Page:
Self-reported confidence ratings have been used in other research disciplines as a tool to assess data quality, and may be useful in epidemiologic studies.Methods:
We examined whether self-reported confidence in recall of physical activity was a predictor of the validity and retest reliability of physical activity measures from the European Prospective Investigation into Cancer and Nutrition (EPIC) past-year questionnaire and the International Physical Activity Questionnaire (IPAQ) last–7-day questionnaire.Methods:
During 2005–2006 in Sydney, Australia, 97 men and 80 women completed both questionnaires at baseline and at 10 months and wore an accelerometer as an objective comparison measure for three 7-day periods during the same timeframe. Participants rated their confidence in recalling physical activity for each question using a 5-point scale and were dichotomized at the median confidence value.Results:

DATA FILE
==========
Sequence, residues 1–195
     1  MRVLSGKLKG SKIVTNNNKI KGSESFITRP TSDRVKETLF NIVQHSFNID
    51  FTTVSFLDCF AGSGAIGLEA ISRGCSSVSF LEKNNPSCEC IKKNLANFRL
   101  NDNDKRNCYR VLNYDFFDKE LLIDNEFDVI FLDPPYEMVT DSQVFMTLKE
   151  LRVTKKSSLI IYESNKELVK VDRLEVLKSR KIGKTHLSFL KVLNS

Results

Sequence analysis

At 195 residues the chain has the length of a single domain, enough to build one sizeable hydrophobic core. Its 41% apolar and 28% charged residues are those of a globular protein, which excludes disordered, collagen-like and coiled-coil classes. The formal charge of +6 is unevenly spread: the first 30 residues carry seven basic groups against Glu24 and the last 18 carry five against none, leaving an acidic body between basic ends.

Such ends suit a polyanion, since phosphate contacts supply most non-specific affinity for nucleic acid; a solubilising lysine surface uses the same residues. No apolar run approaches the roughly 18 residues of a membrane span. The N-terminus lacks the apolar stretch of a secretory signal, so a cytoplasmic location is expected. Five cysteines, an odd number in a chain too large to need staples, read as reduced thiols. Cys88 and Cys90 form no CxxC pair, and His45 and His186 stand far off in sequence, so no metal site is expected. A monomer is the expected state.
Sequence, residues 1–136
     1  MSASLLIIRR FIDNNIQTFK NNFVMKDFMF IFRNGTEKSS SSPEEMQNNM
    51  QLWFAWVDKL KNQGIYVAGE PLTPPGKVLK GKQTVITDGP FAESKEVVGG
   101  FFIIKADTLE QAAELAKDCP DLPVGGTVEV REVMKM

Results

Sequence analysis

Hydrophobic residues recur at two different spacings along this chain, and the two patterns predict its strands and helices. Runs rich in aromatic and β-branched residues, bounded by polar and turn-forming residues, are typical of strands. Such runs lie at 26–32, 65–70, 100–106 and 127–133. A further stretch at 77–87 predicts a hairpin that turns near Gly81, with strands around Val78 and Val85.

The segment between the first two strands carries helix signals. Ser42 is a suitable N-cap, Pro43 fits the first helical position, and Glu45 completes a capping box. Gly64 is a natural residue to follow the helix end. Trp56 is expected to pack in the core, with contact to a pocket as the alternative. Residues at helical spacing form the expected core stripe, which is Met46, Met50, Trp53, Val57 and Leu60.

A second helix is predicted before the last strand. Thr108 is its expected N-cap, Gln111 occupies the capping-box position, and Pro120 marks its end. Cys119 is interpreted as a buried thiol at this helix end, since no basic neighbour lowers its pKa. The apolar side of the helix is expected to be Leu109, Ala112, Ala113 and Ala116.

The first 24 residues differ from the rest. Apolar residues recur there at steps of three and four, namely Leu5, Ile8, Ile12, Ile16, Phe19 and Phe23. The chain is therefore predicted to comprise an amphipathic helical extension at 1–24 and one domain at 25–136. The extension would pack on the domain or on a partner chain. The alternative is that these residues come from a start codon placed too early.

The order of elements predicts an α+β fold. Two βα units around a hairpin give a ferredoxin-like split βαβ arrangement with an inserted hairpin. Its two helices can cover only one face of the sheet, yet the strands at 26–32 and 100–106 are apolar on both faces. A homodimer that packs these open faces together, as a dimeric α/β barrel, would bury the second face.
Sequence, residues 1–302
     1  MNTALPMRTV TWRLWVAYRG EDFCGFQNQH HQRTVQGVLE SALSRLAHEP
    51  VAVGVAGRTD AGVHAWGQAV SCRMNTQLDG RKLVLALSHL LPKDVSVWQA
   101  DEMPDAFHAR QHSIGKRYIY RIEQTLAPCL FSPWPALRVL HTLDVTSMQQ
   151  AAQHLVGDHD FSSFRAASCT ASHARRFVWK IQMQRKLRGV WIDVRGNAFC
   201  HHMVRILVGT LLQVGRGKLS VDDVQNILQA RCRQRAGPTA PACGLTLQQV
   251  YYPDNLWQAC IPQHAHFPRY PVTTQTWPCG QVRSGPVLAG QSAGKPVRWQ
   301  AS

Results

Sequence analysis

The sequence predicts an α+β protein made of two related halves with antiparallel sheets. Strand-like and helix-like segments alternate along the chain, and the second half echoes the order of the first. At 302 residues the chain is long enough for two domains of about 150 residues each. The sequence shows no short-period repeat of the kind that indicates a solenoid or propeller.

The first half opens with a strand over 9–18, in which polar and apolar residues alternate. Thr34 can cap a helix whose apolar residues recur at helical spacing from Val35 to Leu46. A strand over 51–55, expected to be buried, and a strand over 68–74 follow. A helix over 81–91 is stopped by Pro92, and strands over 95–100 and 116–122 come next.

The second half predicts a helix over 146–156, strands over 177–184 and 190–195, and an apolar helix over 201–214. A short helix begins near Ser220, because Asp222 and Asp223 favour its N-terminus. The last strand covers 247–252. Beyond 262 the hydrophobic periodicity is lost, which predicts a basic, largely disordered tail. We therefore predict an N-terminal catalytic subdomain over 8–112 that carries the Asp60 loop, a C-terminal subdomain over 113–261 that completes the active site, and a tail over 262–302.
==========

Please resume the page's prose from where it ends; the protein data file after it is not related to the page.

Participants in the high-confidence group had higher validity and repeatability coefficients than those in the low-confidence group for most comparisons. The differences were most apparent for validity of IPAQ moderate activity: Spearman correlation ρ = 0.34 (95% confidence interval [CI] = 0.08 to 0.55) and 0.01 (−0.17 to 0.20) for high- and low-confidence groups, respectively; and repeatability of EPIC household activity: ρ = 0.81 (0.72 to 0.87) and 0.63 (0.48 to 0.74), respectively, and IPAQ vigorous activity: ρ = 0.58 (0.43 to 0.70) and 0.29 (0.07 to 0.49), respectively. Women were less likely than men to report high recall confidence of past-year activity (adjusted odds ratio = 0.38; 0.18 to 0.80).Conclusions:
Confidence ratings could be useful as indicators of recall accuracy (ie, validity and repeatability) of physical activity measures, and possibly for detecting differential measurement error and identifying questionnaire items that require improvement.